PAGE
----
After practicing all week on a very limited basis due to an injury to his throwing shoulder, quarterback Deshaun Watson took a few warmup tosses and determined that he would not be able to give it a go.
The Browns did what every NFL does when faced with not having their starting quarterback and turned to their backup, which in the case of the Browns is rookie Dorian Thompson-Robinson, who had taken additional practice reps during the week.
Unfortunately for everyone involved, Thompson-Robinson finished the day by completing just 53 percent of his passes for 121 yards, taking four sacks, tossing three interceptions, and playing like a fifth-round rookie making his first NFL start against a well-prepared defense.
Fast forward to today and the Browns are, in the words of Ray Davies, the talented frontman of The Kinks, right back where they started.
The Browns are preparing to face another well-prepared defense on Sunday in the San Francisco 49ers, Watson’s status is still up in the air as he is still dealing with what is now being reported as a rotator cuff contusion (a fancy way of saying a bruise). That injury, while maybe not stopping him from playing certainly would impact how well he can play given that throwing a football is a key component of playing the quarterback position. (Or it is a sign of “dysfunction” and ‘friction” in Berea, depending on your current mood as a fan.)
If/when Watson is unable to face the 49ers, the Browns are back to figuring out what to do at quarterback, but this time there is a twist.
Because of the void created by the Browns having a bye week following the Ravens game combined with Thompson-Robinson’s performance, a call has gone up from fans and the media for the Browns to turn to third-string quarterback P.J. Walker for this week’s game.
The logic appears to be that since winning this game appears to be a long shot for the Browns, they may as well let the experienced Walker take over and see what he can do.
Walker certainly has more experience compared to a rookie with just one career start in the NFL, but how much value would he bring to the field?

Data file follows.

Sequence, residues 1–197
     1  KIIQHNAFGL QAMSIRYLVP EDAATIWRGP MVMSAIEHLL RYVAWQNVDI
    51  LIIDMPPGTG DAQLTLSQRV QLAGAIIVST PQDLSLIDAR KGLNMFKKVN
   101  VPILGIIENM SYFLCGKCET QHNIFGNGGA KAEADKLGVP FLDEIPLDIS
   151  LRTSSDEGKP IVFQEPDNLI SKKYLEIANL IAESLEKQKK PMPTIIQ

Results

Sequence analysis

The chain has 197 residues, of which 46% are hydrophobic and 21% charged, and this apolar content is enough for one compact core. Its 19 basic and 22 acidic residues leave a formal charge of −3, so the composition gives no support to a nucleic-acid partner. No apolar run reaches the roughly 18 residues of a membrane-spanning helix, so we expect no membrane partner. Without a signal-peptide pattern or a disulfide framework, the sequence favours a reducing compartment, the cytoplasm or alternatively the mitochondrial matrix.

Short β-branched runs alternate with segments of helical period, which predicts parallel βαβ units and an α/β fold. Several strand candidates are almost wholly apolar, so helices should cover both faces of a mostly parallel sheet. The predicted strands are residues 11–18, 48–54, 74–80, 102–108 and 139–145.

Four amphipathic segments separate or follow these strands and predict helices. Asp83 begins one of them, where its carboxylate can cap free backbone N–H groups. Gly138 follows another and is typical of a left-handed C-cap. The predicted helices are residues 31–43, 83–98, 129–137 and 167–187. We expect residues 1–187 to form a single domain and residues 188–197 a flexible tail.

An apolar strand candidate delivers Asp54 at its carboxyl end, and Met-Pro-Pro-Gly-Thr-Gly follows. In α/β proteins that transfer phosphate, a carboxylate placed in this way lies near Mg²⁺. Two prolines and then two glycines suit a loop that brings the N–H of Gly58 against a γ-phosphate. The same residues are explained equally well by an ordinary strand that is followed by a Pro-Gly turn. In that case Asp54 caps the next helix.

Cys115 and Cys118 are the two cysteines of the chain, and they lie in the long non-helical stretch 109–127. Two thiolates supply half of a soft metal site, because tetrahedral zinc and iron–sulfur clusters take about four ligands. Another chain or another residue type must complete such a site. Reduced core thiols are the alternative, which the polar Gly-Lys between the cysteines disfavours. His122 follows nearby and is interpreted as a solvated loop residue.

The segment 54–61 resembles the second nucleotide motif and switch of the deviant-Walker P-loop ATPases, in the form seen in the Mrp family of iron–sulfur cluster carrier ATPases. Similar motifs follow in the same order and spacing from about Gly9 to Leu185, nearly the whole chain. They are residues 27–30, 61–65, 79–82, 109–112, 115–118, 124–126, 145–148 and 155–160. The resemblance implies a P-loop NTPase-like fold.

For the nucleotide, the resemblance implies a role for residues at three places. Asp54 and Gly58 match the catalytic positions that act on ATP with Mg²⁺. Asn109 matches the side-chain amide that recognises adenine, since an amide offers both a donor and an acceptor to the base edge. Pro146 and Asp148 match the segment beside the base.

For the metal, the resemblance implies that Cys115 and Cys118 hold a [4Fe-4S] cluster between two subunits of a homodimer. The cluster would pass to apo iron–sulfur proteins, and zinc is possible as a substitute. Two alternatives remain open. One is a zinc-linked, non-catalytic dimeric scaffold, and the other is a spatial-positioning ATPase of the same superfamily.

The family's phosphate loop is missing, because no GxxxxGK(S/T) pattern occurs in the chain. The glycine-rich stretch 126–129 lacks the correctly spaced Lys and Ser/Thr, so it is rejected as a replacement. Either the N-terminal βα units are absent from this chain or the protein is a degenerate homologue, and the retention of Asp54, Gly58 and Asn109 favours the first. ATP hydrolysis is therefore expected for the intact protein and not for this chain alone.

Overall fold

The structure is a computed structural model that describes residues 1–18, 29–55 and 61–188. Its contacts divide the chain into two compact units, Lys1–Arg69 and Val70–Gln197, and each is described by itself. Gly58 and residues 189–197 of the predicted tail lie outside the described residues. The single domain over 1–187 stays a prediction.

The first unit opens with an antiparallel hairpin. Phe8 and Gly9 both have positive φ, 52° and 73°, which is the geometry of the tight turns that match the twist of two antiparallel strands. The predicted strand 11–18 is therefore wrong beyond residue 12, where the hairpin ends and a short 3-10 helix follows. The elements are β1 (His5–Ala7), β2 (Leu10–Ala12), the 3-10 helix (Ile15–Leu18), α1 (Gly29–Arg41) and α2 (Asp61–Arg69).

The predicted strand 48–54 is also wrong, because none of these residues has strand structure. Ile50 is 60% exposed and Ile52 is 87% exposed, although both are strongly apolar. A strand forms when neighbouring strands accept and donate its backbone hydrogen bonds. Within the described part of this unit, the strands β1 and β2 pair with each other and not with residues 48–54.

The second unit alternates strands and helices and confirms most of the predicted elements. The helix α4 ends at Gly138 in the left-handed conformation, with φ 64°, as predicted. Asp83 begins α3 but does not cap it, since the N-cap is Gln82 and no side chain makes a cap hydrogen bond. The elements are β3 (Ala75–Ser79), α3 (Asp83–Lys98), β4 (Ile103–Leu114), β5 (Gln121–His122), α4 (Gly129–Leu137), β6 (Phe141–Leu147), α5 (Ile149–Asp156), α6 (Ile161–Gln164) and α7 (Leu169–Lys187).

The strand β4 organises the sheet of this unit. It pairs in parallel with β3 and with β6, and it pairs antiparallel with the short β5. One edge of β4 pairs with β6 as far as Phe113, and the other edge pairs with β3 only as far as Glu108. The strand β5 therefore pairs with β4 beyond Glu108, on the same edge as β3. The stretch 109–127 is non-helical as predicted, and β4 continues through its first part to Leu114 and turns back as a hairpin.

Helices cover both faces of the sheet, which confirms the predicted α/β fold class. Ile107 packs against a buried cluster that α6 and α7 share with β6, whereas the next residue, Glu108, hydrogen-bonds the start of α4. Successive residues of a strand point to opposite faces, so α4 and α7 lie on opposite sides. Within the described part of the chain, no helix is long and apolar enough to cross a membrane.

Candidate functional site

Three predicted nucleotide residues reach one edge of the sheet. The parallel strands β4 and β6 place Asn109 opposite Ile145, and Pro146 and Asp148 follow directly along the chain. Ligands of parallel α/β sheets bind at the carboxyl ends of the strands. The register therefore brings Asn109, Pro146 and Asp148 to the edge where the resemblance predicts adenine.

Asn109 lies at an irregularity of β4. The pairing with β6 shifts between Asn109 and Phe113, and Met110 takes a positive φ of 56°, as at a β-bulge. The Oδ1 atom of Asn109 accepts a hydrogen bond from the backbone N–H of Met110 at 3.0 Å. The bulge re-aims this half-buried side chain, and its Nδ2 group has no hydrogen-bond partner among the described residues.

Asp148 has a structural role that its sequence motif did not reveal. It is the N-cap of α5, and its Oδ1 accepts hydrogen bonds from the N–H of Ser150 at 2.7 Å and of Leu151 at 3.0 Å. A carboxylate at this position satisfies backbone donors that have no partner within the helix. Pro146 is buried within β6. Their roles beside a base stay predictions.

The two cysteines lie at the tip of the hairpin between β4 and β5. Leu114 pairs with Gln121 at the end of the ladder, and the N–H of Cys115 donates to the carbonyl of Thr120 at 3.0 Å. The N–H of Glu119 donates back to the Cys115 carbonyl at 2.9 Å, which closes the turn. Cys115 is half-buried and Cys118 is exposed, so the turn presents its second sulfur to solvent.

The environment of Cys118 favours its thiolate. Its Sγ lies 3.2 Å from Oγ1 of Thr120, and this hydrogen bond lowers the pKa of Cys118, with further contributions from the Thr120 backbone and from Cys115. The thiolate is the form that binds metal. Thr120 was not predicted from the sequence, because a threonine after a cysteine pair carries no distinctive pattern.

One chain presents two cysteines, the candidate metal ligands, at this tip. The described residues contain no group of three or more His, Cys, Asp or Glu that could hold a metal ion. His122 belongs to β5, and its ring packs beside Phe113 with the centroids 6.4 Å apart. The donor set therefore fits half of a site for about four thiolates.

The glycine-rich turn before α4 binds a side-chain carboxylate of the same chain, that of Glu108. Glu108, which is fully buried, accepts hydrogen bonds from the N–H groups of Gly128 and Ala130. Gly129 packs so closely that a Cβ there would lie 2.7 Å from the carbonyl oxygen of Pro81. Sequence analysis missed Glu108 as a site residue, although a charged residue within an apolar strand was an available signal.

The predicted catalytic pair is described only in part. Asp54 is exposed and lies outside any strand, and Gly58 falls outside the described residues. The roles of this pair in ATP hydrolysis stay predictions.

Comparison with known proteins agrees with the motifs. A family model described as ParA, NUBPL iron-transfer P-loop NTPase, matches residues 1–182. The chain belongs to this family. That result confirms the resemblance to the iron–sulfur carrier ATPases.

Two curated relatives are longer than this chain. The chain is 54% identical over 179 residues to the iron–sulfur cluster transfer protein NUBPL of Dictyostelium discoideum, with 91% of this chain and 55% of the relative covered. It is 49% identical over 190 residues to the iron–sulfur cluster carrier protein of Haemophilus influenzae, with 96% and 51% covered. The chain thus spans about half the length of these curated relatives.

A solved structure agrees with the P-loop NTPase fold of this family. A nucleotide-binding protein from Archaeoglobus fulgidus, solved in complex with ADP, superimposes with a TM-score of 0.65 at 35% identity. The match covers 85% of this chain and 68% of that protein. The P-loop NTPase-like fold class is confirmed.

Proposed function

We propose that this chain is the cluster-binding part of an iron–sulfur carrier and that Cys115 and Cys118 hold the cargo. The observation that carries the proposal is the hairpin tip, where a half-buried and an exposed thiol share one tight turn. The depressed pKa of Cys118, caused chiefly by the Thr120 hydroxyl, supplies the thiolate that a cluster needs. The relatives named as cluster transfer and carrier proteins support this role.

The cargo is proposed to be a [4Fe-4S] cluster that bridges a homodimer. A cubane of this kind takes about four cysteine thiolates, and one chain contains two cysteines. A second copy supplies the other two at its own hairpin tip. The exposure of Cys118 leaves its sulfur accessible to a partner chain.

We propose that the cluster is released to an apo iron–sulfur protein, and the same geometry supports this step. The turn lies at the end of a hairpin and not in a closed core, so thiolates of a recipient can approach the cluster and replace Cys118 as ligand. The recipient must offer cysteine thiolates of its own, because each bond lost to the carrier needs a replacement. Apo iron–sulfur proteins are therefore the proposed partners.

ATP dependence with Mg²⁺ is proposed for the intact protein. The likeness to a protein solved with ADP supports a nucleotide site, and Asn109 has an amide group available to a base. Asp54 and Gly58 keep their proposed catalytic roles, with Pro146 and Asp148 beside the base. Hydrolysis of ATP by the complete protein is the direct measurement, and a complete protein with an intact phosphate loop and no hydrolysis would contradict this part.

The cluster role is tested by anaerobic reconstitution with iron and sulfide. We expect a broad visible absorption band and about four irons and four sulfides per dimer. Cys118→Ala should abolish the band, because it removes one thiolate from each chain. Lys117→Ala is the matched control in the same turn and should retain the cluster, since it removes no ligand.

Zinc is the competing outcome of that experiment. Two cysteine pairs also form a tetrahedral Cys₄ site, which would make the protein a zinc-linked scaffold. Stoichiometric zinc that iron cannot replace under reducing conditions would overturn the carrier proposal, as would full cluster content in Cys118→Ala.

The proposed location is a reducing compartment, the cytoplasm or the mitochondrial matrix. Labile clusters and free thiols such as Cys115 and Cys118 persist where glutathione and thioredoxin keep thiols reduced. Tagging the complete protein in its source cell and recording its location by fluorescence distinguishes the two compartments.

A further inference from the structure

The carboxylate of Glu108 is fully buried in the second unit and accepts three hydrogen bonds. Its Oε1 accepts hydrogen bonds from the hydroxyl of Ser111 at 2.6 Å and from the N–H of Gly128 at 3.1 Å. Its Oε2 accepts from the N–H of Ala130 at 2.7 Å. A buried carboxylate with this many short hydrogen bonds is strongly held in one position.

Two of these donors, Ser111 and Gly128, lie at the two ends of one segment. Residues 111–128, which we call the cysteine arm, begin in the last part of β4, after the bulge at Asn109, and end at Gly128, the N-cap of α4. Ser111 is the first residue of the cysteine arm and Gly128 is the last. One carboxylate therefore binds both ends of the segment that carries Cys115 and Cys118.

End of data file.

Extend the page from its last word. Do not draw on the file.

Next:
In seven career starts across three seasons with the Carolina Panthers, Walker completed 57.5 percent of his passes with five touchdowns, 11 interceptions and was sacked 18 times.
Walker signed with the Chicago Bears this past offseason on a two-year deal with $2 million in guaranteed money as the presumptive backup to starter Justin Fields. But after a rough preseason that saw him complete just 37.9 percent of his passes, the Bears said “Nope, we’d rather go with Nathan Peterman and undrafted free agent Tyson Bagent” and Walker was released.
#Browns QB Deshaun Watson remains day-to-day with what sources say is a rotator cuff contusion.— Tom Pelissero (@TomPelissero) October 10, 2023
After a surprise scratch in Week 4, Watson spent the bye resting and rehabbing. He didn’t practice Monday, but did some throwing. Status TBD for Sunday’s game vs. the #49ers. pic.twitter.com/tREXg6r83U
The Browns signed Walker to the practice squad, so he at least has a few weeks of meetings to get acclimated with the offense, but not as long as Thompson-Robinson, who spent the entire offseason program, training camp and the preseason working within the system.
Fans of a certain age will remember when Thompson-Robinson was the darling of the preseason, lauded for going out and grabbing the backup quarterback role. While that praise may have been over the top, it is a bit odd to see many call for the Browns to replace Thompson-Robinson with a player who is, at least statistically, an older version of Thompson-Robinson.
Teams go into the season hoping they never have to turn to their backup quarterback. And everyone wants a backup quarterback with the talent and experience to hold it together if they are called upon. Thompson-Robinson might have the talent (no one truly knows just yet) and the only way he will get the experience is if he plays when the need arises.
This may all be much ado about nothing if Watson is able to play against the 49ers. And even if he can’t it may not matter who is at quarterback given the way San Francisco is currently playing and the additional issues the Browns have on offense with no running game and injuries along the offensive line.
In other words, the Browns once again find themselves back where they started, simply going round and round again.
If Deshaun Watson can’t play against San Francisco, who should the Browns start at quarterback? Or does it not even matter?